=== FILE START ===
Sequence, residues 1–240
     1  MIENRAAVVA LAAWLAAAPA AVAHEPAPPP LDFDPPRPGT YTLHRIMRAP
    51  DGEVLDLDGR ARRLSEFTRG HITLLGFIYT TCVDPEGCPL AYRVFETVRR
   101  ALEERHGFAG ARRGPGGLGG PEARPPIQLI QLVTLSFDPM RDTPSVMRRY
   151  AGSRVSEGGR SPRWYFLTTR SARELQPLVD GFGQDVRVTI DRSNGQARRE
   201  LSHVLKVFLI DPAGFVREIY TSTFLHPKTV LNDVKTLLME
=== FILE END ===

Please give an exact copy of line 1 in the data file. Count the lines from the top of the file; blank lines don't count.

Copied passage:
Sequence, residues 1–240